Vo Trong Nghia Architects: concrete home in Binh Thanh (Ho Chi Minh)

Vo Trong Nghia,

Hiroyuki Oki,

Ho Chi Minh City,

Housing, Ville,


The Binh Thanh house is a good introduction to the contemporary architecture of Ho Chi Minh, as seen from the point of view of Vo Trong Nghia Architects, a young but well-established Vietnamese studio. Its characteristic bare concrete façade serves as a sunshade. The work makes use of traditional local forms, interpreted with a view to achieving sustainability.

Vo Trong Nghia Architects: concrete home in Binh Thanh (Ho Chi Minh)

The Binh Thanh home, designed by Vo Trong Nghia Architects in partnership with Sanuki + Nishizawa, draws on the traditions of Vietnamese architecture, traces of which are still widely visible in the city of Ho Chi Minh. This is where the new house stands, with its bare concrete façade: a sustainable home kept cool by natural ventilation. The home, named after the district of the same name, stands on one of the long, narrow lots typical of the city, on which buildings with a strong vertical orientation stand one next to the other, with no breathing space between them so that very little natural light gets in. These “tube houses”, known for their disproportionate height and width, are characteristic of the streets of cities such as Hanoi and Ho Chi Minh, and bring up the issue of ensuring a healthful living environment, with big sunbreak windows on the façade to let fresh air in.

In the past this need generated a whole “catalogue” of richly decorated, spontaneously created windows with handmade wooden frames. This project also addresses the theme of the ornamental façade, but uses concrete, the material forming the floor slabs, the roof and the prominent spiral staircase beyond the entrance gate.

As in the past, this does not have a merely decorative function, but favours function, in this case improvement of living conditions in a tropical climate. Sunbreaks have been created in the concrete on the building’s two open sides, which not only promote ventilation but give the façade a creative twist.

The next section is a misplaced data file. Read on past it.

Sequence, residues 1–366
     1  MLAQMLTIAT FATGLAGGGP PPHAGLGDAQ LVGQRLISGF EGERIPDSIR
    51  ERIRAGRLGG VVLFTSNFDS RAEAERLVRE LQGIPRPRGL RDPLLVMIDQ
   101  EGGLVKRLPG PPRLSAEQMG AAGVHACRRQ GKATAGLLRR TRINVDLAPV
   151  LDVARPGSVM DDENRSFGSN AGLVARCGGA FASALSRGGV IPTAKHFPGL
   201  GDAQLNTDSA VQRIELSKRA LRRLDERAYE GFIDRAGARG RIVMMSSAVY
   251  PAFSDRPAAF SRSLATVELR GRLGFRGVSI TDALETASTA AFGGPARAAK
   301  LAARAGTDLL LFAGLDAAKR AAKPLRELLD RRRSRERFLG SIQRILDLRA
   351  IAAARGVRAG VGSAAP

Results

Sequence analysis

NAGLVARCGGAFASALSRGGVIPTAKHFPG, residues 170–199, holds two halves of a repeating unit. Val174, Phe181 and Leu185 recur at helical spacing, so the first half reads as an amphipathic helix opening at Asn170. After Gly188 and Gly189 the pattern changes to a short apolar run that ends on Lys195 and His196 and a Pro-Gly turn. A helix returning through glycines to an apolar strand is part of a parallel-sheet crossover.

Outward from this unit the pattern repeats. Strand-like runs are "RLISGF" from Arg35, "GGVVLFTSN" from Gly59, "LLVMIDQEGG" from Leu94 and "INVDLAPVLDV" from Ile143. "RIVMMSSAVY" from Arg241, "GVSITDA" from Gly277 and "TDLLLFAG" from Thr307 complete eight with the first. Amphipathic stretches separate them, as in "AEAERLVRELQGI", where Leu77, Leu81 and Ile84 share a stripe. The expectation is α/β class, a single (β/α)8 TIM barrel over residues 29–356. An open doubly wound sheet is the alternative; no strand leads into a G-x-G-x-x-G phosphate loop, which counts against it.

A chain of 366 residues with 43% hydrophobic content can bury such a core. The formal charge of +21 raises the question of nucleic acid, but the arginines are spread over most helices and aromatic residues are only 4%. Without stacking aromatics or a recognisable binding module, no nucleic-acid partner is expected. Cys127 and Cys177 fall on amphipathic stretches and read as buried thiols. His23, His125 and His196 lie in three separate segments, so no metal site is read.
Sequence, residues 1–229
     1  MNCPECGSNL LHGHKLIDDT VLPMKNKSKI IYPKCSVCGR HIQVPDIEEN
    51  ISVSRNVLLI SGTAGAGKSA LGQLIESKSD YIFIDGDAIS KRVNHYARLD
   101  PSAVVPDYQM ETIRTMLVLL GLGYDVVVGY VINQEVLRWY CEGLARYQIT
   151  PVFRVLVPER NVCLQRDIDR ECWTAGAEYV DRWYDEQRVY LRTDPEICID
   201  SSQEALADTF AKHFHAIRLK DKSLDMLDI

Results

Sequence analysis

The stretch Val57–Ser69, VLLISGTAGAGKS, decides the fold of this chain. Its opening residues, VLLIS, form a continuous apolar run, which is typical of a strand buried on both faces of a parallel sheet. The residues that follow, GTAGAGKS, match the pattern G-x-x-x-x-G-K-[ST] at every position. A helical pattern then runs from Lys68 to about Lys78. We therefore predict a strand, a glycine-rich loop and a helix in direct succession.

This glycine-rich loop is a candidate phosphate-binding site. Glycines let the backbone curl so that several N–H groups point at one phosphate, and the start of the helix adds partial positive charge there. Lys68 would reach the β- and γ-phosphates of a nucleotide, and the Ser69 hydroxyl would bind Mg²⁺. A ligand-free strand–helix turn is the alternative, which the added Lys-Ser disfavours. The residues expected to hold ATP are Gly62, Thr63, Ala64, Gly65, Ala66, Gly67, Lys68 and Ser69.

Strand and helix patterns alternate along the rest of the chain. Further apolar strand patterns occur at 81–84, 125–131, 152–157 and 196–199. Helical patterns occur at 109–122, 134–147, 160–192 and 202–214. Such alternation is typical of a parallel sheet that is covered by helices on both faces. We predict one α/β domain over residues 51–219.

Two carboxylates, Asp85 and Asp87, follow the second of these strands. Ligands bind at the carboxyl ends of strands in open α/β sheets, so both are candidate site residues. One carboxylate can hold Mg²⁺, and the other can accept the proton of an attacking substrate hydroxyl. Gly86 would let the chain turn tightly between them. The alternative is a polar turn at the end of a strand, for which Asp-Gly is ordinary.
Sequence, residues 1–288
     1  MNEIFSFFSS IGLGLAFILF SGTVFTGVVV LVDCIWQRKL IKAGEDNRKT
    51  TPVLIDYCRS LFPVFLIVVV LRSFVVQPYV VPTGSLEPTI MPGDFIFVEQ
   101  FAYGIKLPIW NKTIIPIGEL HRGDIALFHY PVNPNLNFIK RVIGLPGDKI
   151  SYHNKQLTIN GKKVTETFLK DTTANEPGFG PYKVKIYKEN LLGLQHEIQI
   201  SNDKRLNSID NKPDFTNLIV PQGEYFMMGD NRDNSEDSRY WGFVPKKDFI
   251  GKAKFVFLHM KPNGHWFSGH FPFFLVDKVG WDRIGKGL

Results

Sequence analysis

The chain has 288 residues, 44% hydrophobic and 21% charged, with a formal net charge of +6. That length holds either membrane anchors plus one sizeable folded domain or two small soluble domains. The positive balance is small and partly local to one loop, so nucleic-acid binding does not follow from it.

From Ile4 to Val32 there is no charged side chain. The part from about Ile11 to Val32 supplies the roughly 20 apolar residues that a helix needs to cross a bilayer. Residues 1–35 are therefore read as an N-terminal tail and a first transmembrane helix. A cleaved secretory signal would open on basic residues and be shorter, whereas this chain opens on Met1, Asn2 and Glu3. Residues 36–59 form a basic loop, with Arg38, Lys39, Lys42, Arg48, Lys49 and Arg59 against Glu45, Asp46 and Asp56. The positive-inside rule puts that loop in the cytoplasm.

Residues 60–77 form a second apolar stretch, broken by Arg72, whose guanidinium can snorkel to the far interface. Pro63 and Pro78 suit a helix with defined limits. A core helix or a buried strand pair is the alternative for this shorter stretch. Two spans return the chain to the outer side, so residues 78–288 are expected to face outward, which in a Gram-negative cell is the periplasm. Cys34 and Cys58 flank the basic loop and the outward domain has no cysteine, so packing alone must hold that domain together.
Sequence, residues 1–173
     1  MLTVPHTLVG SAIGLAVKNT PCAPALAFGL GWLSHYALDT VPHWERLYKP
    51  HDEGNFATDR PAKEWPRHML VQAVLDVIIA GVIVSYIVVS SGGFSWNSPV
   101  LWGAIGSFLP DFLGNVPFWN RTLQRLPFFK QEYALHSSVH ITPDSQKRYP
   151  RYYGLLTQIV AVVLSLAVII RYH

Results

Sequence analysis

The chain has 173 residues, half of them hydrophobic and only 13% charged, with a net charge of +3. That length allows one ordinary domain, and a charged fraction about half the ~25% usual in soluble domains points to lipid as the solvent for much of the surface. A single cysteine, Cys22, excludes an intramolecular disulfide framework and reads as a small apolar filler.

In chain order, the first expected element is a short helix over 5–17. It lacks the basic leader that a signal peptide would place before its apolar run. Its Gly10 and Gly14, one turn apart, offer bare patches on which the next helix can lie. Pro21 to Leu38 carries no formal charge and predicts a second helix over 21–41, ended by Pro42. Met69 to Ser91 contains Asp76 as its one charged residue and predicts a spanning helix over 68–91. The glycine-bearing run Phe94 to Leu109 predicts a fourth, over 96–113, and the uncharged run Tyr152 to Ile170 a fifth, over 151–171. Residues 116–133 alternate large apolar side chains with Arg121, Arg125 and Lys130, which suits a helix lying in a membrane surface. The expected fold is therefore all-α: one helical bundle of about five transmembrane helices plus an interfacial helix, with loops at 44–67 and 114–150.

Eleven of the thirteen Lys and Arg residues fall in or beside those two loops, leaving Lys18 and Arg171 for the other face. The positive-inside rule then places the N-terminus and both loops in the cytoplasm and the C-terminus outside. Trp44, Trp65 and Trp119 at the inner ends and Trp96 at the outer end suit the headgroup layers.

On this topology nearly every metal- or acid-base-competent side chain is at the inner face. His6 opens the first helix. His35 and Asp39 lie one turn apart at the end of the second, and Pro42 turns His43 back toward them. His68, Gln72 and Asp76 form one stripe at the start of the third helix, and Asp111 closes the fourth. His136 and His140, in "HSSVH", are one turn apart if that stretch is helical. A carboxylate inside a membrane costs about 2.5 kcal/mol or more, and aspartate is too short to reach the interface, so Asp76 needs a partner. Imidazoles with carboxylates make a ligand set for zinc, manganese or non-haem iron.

The volume stands on a lot in a residential zone near a canal and the city zoo, in a high traffic neighbourhood. The project takes advantage of the natural force of water and the beneficial effect of vegetation. The disorderly design of the concrete grid recalls that of the windows of old-fashioned Vietnamese façades, created without an overall plan but built up over the years as needed.

The building has six levels, one of which is underground, with concrete floor slabs overhanging both the open walls. The organic vocabulary of the building’s section creates empty spaces for vegetation, present on every level. And thus the aesthetic generated by concrete interacting with nature is confirmed once again.

The free floor plan organises the empty space between the two boundary walls and the open walls differently on each level: sometimes there is a big living room, other times dividing walls which order space without breaking it up. On the inside the grids continue, standing out with their massive presence, letting the home’s inhabitants enjoy the view of their surroundings while protecting their privacy. Lights and shadows alternate in their daily lives, while the limits of the living space extend well beyond the walls to embrace the landscape. Transparency and discretion find the right balance.

Mara Corradi

Design: Vo Trong Nghia Architects, Sanuki + Nishizawa architects
Project head: Vo Trong Nghia, Shunri Nishizawa, Daisuke Sanuki
Client: Private
Location: Binh Thanh, Ho Chi Minh (Vietnam)
Total usable surface area: 516 m2
Lot size: 140 m2
Project start date: 2010
Completion of work: 2013
Builder: Wind and Water House JSC + Danang Company
Wooden frames
Concrete spiral staircase
Concrete and brick structure
Concrete, wood and stone floor
Photos: © Hiroyuki Oki


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